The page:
We know that ortho K lenses and low dose atropine (0.01%) both can slow down the rate of myopia progression by about 50%. People often wonder whether by combining the two, we can slow down the progression even further.
Here is an article looking at a combo of the two in 73 Chinese children who have very fast myopia progression. They discovered that additional atropine 0.01% did not result in significant difference compared with ortho K lens alone in terms of axial growth.
This is disappointing. However, this study looked at children with fast myopia progression despite using ortho K lenses. Also only a small number of children were evaluated. In addition, this is a retrospective study, meaning authors looked at the data later, rather than a randomized controlled study, so there could be factors stewing the results.
Anyway, we await more studies to see whether the two have synergistic effect.
Chen Z, Zhou J, Xue F, et al, Two-year add-on effect of using low concentration atropine in poor responders of orthokeratology in myopic children British Journal of Ophthalmology Published Online First: 11 March 2021. doi: 10.1136/bjophthalmol-2020-317980
Covid-19 has really affected so many aspects of our lives. With all that isolation inside, and the remote learning with digital screens, parents worry about their kids’ health. Many worry this will do great havoc to their eyesight, and they are not wrong.
Research has shown that confinement to home due to covid-19 is associated with an increase in myopia. Scientists have been monitoring the refractive error of 123 535 Chinese children since 2015. While the refractive error was showing a pretty steady trend in kids 6 to 8 years of age from 2015 to 2019, there was a sharp and dramatic change toward myopia in 2020 (Figure 1). Many Chinese children already don’t get enough outdoor activities and spend way too much time studying, and the covid-19 put extra strain in terms of even further decrease of outdoor time and increase of screen time.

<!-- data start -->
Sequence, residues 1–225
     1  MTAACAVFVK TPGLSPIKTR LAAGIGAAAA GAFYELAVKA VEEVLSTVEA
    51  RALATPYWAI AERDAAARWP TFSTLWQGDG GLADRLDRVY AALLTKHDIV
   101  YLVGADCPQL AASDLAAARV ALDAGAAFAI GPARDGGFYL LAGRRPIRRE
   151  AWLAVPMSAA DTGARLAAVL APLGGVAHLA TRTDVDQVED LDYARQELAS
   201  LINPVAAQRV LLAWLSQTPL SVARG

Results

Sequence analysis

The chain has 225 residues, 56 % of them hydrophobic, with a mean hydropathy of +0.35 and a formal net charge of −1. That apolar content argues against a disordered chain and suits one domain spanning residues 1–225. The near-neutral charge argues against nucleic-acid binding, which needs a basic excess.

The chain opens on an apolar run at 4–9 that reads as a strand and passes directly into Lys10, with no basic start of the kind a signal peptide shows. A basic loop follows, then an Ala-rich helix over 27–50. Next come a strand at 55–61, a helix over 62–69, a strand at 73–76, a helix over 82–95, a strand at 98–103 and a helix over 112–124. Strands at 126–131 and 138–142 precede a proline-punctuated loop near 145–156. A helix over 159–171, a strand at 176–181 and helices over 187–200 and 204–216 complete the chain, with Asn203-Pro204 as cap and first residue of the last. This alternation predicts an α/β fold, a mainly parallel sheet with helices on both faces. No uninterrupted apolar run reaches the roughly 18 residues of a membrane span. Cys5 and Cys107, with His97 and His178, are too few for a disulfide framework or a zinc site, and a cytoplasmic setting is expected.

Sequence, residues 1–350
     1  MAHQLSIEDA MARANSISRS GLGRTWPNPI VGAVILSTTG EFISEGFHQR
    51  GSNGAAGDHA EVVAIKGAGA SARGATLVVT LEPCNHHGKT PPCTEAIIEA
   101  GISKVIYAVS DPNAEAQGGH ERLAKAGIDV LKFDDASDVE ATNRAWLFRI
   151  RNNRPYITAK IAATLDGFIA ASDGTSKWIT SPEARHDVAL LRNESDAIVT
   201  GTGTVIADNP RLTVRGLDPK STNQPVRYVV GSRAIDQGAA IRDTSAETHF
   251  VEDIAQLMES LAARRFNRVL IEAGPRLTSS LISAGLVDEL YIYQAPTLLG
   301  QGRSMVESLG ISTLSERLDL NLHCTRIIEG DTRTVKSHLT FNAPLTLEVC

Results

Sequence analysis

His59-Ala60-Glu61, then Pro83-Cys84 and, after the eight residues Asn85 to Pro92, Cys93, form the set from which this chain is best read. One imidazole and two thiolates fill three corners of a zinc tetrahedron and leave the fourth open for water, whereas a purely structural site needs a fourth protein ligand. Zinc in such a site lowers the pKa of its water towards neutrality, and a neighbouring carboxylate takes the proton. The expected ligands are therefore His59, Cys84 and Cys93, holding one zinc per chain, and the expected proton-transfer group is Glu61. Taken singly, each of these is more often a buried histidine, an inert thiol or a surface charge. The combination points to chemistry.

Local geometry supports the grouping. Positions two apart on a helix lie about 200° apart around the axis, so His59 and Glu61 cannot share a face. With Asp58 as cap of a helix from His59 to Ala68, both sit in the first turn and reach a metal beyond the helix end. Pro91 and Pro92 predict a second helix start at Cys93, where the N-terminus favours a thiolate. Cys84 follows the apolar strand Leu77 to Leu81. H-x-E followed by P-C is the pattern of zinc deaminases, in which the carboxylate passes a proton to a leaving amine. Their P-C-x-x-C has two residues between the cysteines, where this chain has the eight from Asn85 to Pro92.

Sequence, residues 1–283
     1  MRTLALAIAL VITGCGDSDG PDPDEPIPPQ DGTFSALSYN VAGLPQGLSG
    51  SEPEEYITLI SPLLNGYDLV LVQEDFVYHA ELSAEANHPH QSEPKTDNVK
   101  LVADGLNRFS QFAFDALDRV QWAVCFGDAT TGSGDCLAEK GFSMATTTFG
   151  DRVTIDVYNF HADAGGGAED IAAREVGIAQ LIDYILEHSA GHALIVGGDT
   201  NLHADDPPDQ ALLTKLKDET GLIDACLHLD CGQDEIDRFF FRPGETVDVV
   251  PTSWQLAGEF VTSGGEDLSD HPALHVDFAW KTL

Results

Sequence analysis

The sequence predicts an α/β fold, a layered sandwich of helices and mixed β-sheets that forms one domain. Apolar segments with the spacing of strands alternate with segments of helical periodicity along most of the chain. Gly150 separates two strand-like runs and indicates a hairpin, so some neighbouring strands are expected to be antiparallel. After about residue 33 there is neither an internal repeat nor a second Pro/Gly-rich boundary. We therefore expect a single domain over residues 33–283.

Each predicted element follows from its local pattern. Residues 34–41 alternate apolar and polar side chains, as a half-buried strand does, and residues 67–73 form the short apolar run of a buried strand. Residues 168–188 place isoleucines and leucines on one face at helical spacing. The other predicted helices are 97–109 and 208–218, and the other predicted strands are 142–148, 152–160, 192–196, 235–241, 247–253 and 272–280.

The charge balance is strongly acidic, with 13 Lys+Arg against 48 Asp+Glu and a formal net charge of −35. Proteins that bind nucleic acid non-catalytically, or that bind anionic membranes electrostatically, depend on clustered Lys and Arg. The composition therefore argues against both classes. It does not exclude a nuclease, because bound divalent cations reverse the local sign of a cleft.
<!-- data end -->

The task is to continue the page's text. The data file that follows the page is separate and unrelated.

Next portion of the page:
Figure 1. Young children show a dramatic increase in myopia in 2020 compared to previous years . Figure from reference 
I only hope that with universal vaccination and a good hygiene habit that we have formed during the past year, children will be able to be back to school and enjoy normal outside activities soon. If you think you child may have trouble seeing, please bring them to an eye doctor.
 Wang J, Li Y, Musch DC, et al. Progression of Myopia in School-Aged Children After COVID-19 Home Confinement. JAMA Ophthalmol. 2021;139(3):293–300. doi:10.1001/jamaophthalmol.2020.6239
A friend who is a rehabilitation therapist in China told me some interesting observation he has had while treating myopic children. He noticed that for those children who are more anxious, their myopia progressed faster, versus those who are calmer. So he asked me whether anxiety and other psychological factors may contribute to myopia development and progression.